Solar panels work through a photovoltaic process – where radiation energy is absorbed and generates electricity. Radiation energy is absorbed by semiconductor cells – normally silicon – and transformed from photon energy (light) into voltaic (electrical current). When the sun's radiation hits a silicon atom, a photon of light energy is absorbed, ‘knocking off’ an electron. These released electrons create an electric current. The electric current then goes to an inverter, which converts the current from DC (direct current) to AC (alternating current). The system is then connected to the mains power or electricity grid.
Step 1: Sunlight activates the panels.
Step 2: The cells produce electrical current.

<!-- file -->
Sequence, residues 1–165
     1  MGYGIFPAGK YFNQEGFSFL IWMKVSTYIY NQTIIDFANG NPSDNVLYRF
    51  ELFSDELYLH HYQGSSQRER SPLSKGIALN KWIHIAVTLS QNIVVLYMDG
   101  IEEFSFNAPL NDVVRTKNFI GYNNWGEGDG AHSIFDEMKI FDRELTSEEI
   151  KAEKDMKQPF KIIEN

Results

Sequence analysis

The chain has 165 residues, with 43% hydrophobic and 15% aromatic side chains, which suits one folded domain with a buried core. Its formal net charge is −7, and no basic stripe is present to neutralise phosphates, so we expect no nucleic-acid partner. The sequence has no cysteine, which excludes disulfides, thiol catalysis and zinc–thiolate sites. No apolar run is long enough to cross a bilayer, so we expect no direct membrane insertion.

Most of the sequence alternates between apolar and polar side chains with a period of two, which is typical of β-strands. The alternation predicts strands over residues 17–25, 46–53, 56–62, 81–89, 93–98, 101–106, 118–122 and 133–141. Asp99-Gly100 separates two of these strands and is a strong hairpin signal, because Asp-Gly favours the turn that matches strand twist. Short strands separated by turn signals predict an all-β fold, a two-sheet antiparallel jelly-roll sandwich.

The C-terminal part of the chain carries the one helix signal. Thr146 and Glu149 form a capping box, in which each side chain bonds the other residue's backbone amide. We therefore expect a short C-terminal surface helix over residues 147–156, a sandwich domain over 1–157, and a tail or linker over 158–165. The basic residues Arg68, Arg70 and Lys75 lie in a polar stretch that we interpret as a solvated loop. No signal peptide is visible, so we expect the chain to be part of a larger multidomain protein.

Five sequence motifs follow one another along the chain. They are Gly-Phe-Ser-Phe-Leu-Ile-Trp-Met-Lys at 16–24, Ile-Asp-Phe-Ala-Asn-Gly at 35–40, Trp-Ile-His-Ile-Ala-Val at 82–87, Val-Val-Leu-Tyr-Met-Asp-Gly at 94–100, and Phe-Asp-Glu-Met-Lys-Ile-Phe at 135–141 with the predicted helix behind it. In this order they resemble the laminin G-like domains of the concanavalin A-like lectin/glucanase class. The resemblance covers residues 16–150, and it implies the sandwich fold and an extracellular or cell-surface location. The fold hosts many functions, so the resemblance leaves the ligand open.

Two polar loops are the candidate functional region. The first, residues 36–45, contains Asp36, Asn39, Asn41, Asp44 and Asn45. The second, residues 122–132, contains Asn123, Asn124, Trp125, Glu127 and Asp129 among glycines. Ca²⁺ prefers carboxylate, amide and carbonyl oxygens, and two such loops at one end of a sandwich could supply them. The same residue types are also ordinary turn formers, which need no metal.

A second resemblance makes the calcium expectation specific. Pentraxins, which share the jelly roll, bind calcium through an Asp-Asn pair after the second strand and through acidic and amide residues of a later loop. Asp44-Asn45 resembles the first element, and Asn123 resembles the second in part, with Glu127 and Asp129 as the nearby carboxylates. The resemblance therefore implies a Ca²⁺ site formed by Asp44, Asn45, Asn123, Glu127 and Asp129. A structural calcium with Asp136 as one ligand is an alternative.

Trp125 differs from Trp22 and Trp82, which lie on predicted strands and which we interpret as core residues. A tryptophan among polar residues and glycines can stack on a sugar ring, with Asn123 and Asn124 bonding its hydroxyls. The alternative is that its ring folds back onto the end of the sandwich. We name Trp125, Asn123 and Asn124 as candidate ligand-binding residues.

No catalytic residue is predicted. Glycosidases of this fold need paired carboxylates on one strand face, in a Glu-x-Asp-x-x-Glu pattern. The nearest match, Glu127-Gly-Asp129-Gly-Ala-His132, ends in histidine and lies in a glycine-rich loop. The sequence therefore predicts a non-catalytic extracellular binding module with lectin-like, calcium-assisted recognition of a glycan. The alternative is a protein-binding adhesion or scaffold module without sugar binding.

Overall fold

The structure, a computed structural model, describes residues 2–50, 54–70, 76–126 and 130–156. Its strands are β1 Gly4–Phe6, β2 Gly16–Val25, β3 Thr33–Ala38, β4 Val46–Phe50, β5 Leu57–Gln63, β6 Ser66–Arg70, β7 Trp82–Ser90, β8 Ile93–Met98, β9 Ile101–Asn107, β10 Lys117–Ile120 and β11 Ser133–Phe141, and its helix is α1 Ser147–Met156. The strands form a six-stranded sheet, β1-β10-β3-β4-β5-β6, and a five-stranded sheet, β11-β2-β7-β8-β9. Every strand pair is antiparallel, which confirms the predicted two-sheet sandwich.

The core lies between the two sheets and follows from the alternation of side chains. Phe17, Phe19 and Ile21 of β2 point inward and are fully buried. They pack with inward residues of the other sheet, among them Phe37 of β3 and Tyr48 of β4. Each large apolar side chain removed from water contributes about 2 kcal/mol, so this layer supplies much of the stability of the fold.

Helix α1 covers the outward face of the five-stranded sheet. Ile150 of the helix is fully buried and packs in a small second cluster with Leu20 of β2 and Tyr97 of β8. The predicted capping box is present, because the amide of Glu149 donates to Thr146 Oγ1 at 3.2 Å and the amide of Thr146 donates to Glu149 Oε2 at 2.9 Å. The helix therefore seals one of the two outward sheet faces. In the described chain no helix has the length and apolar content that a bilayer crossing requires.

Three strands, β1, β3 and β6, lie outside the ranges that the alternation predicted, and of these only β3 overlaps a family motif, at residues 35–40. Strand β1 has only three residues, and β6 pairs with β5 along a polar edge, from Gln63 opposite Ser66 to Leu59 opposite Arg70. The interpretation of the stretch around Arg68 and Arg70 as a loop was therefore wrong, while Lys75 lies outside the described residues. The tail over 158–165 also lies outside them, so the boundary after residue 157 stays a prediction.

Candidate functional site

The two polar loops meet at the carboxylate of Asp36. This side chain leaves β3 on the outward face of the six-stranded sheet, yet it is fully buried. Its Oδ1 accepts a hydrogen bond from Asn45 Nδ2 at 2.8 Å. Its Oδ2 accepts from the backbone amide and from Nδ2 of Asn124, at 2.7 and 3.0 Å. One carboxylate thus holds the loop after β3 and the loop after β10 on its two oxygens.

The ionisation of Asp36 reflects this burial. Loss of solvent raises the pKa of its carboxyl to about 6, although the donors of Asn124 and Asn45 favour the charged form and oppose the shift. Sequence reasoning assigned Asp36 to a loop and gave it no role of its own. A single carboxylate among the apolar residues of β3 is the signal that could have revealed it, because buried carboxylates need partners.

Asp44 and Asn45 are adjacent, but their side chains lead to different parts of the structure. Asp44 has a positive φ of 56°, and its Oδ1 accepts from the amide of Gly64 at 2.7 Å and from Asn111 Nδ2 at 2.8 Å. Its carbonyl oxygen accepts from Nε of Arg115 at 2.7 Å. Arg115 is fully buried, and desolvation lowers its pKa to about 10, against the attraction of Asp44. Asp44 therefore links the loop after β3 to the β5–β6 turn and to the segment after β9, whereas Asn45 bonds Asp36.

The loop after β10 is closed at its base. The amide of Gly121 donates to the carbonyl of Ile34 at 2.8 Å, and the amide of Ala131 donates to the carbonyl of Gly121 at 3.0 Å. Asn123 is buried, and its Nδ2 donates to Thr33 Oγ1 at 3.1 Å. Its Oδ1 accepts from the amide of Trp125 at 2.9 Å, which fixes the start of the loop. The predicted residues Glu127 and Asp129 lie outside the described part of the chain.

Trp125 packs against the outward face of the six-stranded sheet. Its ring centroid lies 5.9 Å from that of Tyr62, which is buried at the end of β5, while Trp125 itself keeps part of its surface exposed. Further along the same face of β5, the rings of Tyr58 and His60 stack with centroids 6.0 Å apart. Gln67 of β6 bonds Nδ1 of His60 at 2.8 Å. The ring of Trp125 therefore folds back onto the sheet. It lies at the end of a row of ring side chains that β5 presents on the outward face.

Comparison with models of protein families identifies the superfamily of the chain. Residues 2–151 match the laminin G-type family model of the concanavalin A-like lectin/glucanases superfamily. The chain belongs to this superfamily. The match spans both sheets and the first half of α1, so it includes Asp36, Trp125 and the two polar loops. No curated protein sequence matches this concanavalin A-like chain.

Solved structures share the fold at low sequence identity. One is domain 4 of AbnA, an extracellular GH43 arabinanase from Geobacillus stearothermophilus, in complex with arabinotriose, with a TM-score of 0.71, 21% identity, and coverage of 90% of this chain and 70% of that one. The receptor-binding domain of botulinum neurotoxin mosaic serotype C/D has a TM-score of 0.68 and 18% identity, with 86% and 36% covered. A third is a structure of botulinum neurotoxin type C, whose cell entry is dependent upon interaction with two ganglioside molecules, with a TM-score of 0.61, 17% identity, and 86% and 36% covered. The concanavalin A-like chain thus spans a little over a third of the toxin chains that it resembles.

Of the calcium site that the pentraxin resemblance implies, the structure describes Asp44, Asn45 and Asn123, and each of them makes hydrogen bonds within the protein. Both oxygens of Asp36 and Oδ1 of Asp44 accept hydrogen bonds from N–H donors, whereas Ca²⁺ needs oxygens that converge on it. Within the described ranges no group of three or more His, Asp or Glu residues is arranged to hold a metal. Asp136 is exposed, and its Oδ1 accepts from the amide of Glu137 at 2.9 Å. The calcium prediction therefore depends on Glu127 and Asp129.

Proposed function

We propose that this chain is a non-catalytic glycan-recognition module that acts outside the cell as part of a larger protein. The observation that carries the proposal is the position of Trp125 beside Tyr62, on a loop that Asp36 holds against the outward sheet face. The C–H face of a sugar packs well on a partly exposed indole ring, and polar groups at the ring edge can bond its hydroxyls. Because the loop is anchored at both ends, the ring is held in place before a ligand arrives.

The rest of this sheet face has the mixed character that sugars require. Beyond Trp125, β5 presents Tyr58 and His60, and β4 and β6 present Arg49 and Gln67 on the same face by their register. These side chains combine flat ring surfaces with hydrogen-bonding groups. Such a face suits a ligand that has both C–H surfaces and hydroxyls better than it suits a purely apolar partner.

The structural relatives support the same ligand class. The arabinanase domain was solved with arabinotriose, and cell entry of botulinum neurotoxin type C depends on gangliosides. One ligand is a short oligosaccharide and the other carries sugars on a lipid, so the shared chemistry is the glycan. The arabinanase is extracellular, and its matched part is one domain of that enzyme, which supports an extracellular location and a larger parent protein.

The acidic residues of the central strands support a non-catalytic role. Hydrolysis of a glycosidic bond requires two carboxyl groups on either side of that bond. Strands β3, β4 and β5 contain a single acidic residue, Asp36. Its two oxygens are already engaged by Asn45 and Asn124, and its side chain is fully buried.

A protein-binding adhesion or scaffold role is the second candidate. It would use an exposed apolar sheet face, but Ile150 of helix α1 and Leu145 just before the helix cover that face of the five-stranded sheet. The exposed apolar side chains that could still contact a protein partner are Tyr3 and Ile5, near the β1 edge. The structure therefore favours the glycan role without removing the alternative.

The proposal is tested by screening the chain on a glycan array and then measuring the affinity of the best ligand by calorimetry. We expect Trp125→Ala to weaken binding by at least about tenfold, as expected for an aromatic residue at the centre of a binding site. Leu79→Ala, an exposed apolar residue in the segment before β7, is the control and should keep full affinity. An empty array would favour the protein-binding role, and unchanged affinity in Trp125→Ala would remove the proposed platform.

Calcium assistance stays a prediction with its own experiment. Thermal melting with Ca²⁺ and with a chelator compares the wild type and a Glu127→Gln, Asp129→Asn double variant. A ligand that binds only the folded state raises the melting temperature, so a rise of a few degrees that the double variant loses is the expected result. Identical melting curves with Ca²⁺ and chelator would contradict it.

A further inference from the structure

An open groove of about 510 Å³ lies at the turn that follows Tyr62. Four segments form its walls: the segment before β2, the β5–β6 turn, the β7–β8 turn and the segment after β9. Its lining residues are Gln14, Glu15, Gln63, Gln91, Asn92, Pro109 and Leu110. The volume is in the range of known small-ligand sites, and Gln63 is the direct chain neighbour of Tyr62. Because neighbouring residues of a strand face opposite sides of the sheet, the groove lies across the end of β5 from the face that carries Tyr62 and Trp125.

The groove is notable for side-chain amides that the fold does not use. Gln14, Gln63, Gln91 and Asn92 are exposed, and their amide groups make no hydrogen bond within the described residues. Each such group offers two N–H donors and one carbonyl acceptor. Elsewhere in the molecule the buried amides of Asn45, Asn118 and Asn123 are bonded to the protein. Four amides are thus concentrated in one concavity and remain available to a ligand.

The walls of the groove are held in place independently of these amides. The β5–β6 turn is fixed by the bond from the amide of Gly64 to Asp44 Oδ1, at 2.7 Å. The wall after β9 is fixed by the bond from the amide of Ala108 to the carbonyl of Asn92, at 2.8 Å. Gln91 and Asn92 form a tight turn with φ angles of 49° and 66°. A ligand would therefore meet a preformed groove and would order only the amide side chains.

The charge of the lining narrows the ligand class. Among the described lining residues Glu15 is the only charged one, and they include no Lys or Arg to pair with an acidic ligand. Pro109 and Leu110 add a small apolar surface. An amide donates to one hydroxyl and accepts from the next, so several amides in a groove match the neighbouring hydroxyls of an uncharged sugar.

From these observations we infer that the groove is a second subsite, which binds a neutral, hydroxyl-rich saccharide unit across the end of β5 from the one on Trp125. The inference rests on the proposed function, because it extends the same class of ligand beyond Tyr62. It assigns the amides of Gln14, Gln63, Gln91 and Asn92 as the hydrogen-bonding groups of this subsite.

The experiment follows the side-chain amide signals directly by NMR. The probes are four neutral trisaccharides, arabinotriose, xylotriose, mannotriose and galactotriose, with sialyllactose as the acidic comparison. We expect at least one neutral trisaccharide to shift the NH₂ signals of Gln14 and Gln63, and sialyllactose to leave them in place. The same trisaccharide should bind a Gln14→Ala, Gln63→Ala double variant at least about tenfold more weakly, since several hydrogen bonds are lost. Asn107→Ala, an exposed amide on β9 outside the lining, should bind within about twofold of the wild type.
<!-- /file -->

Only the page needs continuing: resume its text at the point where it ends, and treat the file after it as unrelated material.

Step 3: The electrical energy is converted.
Step 4: The converted electricity powers your home.
Step 5: A net meter measures usage.
form of generation throughout the day. Solar panels don’t generate any noise pollution while generating electricity. These panels are very safe. They're mostly made from silicon sheets, and there's no danger of the photovoltaic cells leaking or emitting any toxins or fumes.
And one more good news is that if you're not at home to use the electricity your solar panels are generating every sunny day and what happens at night when your solar system is not generating power in real-time, you will get the benefit through a system called "net metering."